Brad Larsen: Yeah, that's a great point too. I mean, going on the far side of that, let's fast forward 40 years and I finally golfed my age, right? I'm 82 years old and I can shoot an 82 on the course. Right? That's everyone's life goal. It should be. So if I can get to that point, you've got to figure there's a divesting, not just vesting for the kids, but you got to figure there's some sort of legacy where, okay, for for life I get X percent of the business, X percent of the profits for life, even though I don't ever touch the business and it's been handed off to somebody else. And I think that's that's almost like your insurance. Let me say that again. It's almost like your retirement plan. And that could be a real good way to set it up. So it's very clear because you could be in a nursing home for ten years. You don't know. And if you don't have a drawn out, you know, people can take advantage of that and kind of leave you to the wayside.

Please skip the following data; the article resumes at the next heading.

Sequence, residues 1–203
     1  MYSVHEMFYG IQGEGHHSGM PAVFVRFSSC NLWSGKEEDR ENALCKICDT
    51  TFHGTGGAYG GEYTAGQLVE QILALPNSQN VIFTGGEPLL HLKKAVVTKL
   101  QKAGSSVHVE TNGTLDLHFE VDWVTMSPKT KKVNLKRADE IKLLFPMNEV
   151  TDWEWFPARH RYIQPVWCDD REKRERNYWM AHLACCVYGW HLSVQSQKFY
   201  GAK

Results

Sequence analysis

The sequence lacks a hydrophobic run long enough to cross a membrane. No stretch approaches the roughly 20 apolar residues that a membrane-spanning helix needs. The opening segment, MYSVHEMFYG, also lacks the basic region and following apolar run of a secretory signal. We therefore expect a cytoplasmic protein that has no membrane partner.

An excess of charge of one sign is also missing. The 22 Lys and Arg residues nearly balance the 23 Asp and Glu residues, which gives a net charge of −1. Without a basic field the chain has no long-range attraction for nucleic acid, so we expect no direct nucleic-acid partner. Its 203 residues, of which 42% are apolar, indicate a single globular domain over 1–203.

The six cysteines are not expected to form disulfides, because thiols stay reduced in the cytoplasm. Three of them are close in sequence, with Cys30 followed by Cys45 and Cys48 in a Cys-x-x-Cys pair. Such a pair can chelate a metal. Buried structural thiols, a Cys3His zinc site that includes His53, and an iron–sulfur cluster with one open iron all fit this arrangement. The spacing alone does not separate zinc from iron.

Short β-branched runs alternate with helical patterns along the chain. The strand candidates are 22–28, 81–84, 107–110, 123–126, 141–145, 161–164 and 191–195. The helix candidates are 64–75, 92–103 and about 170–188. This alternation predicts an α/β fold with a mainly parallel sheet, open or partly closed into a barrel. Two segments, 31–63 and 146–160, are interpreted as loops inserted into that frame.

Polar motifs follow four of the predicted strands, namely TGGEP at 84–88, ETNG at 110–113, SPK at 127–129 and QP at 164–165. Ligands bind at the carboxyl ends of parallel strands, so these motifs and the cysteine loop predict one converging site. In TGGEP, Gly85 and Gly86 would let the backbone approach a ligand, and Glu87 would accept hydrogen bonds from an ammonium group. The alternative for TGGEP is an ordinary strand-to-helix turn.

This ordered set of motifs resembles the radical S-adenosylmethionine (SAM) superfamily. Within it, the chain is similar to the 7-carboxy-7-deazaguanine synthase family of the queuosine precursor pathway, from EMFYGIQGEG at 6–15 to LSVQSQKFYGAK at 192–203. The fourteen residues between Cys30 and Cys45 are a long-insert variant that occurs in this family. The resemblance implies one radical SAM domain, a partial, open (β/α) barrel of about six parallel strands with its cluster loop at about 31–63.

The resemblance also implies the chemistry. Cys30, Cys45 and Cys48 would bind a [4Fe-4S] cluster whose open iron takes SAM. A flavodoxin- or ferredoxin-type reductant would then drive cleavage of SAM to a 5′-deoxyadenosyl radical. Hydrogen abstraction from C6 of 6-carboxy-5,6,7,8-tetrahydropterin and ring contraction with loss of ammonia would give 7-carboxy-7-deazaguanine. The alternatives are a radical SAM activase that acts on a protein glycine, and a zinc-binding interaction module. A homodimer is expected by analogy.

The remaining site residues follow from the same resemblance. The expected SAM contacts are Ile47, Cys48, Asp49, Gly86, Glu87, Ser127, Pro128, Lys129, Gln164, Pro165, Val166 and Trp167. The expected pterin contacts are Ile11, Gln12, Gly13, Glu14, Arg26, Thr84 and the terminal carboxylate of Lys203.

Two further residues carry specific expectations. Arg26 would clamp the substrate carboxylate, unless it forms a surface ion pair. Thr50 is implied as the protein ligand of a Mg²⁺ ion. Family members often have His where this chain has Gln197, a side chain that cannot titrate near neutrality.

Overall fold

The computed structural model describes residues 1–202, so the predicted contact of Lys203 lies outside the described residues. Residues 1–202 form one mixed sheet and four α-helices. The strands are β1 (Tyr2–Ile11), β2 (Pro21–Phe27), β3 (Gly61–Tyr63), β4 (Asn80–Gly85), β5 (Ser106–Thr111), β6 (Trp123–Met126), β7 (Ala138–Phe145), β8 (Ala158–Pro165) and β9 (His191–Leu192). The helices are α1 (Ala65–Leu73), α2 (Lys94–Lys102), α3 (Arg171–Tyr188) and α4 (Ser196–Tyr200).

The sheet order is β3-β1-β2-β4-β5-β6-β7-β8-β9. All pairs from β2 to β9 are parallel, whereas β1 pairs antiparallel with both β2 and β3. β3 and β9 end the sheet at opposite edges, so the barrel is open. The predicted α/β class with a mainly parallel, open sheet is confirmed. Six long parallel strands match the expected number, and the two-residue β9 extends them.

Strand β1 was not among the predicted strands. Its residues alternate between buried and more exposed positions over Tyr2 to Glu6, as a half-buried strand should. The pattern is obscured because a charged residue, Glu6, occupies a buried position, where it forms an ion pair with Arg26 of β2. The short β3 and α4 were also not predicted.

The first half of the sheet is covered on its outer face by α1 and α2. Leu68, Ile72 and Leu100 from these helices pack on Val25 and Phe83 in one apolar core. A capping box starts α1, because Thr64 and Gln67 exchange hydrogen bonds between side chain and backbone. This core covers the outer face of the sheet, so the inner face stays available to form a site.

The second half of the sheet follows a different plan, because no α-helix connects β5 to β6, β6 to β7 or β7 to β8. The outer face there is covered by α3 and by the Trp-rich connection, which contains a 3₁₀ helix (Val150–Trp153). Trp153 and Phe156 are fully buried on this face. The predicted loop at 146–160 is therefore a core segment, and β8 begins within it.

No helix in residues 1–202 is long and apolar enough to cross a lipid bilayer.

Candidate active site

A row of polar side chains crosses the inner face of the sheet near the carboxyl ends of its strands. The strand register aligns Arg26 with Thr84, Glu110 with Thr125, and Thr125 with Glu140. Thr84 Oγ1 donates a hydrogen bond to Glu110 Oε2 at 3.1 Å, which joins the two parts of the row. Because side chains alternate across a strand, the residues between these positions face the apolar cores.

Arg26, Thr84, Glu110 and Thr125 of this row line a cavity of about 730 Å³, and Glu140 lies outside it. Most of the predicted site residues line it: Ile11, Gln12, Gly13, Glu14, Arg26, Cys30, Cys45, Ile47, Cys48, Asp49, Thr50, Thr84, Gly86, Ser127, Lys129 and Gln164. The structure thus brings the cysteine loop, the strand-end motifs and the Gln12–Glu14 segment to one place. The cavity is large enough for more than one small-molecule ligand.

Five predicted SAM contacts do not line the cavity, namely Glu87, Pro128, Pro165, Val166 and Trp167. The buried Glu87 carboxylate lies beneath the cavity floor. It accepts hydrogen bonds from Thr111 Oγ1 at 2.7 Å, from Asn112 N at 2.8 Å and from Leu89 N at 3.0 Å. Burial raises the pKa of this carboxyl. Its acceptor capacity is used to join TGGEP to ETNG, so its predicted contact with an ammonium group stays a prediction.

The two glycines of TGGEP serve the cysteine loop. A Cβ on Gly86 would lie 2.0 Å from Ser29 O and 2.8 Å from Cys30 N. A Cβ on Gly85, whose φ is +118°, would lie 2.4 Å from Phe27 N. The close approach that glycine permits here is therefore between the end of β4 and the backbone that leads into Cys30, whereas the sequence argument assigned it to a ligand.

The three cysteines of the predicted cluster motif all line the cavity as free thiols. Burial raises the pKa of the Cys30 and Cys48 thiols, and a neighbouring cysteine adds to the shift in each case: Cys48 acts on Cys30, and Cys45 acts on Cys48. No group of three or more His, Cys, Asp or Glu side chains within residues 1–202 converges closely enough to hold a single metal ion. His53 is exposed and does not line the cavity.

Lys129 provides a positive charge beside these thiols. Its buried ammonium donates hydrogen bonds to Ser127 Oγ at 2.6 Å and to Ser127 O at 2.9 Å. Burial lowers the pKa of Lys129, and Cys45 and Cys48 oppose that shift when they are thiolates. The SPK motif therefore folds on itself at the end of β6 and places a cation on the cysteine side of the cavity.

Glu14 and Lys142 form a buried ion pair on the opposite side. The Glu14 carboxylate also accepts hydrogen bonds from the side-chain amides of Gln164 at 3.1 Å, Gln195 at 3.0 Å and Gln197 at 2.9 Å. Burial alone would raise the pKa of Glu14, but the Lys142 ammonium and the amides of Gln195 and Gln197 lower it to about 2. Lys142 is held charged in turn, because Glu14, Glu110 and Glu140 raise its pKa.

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Deb Newell: And that's a really good point. And the other thing to consider is, do you have just one child? Do you have two children? Do you have three children? I mean, you know, do they each one a part of the business? What is that going to look like? I've dealt with one where there's just one child and I've dealt with families where there's multiple. And so, you know, each has a specific role and making sure that that's in place as well. But to your point, it's and I've also had families who or I should say business owners who are like, I'm just going to give the business to my child. And I have had others say, I'm going to sell the business to my child. So what does that look like? Right? So you have to have something in play. And and I get it. You know, you don't want to we're not going to give our children just because we built something. They just they get it because they're a kid. You you may you want them to work for it as well. Some may just say, well, your length in, you know, the time that you've spent into the business is enough for me. I'm just going to give it to you when I die or, or when I retire. However that whatever that looks like or they're going to, you know, they're going to charge them. You know, a percentage, an equity stake of some sort.